In the morning met us with rain, and it became clear that a trip to the mountains on a bike is out of the question. After sitting over the maps, we decided that since the weather doesn’t let us do outdoor, it’s time to take a radial car trip to Innsbruck. The drive from Zell am See to Innsbruck is about 3 hours one way.

The whole round trip with a walk through the historical center of Innsbruck, a visit to the historical museum and the Golden Roof Museum (the main attraction of the city) took us the entire first full day of our trip. The road is very beautiful, passes through beautiful valleys and then rises serpentine through the mountain passes. A rest for the eyes!

Innsbruck is one of the largest cities in Austria, known for hosting the Winter Olympics in 1964 and 1976. In the past, however, the city was much more important, being the capital of the state of Tyrol.

When we arrived in Innsbruck, it was pouring rain. After leaving the car in the typical Austrian and German paid underground parking lot (about 1 euro per hour), we went to the Tyrol History Museum, which is located right at the entrance to the Old Town.

The interiors of the houses of wealthy inhabitants of Tyrol are very well represented in the museum – the furniture, decorative elements, everything is of very high quality. I can say with confidence that it’s one of the best museums I’ve been to.

After seeing the items in the museum, I understood how difficult the life of people was only 300-500 years ago!

Hovkirche church is one of the must-see places to visit in Innsbruck. The church contains the symbolic tomb of the famous Maximilian I, Holy Roman Emperor, and 28 huge bronze statues of knights and kings, his ancestors.

Grossglockner

After spending the second night at the campsite near Zell am See, we decided it was time to change our position and try to get as close as possible to Austria’s highest peak, the 3,798-meter-high Grossglockner. The road to it starts right from Zell am See and is called the Grossglockner High Mountain Route. Right out of the car window you can see amazing views of waterfalls falling from snow-covered alpine peaks! Keep in mind that there is a toll on the road. A single car ride costs 24 euros.

The road serpentines rapidly gaining height, and in less than an hour, overtaking amateur cyclists we reach the highest point of the road – the pass Wilfried-Haslauer-Haus, height of 2400 meters.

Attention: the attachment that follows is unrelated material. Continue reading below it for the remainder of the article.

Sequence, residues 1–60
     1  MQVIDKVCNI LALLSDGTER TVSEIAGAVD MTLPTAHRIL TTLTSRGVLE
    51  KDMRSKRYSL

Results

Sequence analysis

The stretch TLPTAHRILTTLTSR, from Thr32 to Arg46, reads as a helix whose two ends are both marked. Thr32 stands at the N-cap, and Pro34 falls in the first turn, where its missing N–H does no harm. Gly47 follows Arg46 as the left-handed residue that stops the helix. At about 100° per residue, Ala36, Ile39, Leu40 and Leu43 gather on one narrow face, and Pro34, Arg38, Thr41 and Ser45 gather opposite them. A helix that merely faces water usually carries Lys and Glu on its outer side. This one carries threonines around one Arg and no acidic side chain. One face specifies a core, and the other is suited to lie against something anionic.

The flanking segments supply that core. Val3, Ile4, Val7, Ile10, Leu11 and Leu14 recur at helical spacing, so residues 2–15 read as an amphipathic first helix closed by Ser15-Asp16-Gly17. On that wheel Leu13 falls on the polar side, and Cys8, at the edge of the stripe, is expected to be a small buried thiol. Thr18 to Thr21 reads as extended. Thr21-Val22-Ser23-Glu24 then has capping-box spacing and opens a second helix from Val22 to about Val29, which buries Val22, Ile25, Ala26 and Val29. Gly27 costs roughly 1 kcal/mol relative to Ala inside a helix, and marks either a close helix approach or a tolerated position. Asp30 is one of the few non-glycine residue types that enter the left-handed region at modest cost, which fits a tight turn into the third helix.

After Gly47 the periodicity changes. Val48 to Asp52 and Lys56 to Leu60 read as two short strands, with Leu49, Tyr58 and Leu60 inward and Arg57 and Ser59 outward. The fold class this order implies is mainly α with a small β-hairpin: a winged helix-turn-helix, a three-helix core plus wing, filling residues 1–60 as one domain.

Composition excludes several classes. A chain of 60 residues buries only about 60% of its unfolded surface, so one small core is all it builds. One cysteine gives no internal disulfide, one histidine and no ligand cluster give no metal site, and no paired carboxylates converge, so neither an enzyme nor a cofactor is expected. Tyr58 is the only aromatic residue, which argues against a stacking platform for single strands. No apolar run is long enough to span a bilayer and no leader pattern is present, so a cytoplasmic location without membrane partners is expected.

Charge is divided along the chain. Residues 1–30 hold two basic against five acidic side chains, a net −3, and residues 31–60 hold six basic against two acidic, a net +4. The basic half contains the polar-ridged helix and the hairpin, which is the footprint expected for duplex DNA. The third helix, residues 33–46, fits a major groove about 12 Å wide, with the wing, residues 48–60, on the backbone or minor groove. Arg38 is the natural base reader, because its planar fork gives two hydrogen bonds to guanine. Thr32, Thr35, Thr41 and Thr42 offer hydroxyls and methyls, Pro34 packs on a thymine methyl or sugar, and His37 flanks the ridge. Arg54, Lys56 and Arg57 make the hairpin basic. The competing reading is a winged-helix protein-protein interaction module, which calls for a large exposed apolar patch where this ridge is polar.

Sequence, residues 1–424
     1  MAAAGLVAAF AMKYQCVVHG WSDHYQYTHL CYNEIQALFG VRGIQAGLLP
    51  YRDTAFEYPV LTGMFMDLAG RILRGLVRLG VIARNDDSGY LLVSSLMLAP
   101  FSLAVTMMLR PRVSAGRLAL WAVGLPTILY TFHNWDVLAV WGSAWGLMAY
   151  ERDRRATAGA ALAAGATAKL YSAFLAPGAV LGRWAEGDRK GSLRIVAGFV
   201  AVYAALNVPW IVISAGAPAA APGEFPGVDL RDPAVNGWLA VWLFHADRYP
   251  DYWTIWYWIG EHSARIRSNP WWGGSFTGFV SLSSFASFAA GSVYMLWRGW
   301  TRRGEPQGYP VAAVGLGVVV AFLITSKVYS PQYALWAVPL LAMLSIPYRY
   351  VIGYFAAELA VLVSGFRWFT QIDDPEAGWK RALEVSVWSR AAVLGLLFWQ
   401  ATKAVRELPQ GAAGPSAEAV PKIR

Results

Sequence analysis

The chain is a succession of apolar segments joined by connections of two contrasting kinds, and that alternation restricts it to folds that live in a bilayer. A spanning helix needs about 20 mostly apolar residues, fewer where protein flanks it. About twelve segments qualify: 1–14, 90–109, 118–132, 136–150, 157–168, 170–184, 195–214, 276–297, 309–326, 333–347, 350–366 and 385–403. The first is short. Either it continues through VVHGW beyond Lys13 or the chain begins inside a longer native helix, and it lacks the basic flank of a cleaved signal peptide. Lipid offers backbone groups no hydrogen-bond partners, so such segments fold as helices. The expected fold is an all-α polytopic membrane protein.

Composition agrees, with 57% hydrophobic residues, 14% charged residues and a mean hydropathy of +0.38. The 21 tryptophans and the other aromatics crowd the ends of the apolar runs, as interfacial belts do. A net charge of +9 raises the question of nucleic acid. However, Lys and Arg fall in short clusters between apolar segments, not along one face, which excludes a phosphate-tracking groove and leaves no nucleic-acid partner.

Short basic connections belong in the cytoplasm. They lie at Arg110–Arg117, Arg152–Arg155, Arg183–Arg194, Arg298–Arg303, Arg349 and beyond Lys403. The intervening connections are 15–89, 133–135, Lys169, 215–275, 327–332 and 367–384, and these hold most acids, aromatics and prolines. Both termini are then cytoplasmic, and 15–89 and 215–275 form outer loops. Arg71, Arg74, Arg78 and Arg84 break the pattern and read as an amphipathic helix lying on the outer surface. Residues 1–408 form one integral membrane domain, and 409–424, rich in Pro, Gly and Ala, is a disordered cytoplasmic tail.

The pass is very crowded. While the Austrians traveling by car are taking pictures against the snow-covered peaks, we try to find a map of the area in order to decide on the next route. In a small souvenir shop we ask to see an excellent tourist map with marked hiking trails on it. We look at several options for hiking in the immediate vicinity of Grossglockner mountain and return the map. Wit hasn’t stopped anyone yet!

On the other side of the pass the weather is much better. The road traverses the slope with beautiful curves. The sun is shining, there are even sheep grazing here and there! Idyllic. Here and there you can see stations of ropeways. Probably a full house here in winter!

Sounds like Norway, doesn’t it? But no, this is the Alps!

Only 15 minutes drive from the pass we reach a place called Glocknerhaus at an altitude of 2131 meters. Here you can start the hike. It is only 55 kilometers to this place from Zellam-See, and you can cover this distance in an hour. But that’s if you drive fast, without stopping at the breathtaking viewpoints. We drove much longer. Leaving from Zellam-See 9:30 am, we reached this place only by 11:30.

In principle, we could drive another 2.5 kilometers to the tourist center “Kaiser Franz Josefs Hohe Visitors’ Centre”, where all this beautiful road ends, leave the car there and start our hike downhill. But the weather improved unexpectedly and we decided to leave the car here, at the parking place at Glotterhaus, then to descend to the lake Stausee Margaritze and to get to the lake Sandersee to the shelter Kaiser-Franz-Josefs-Hohe on the height of 2369 meters below!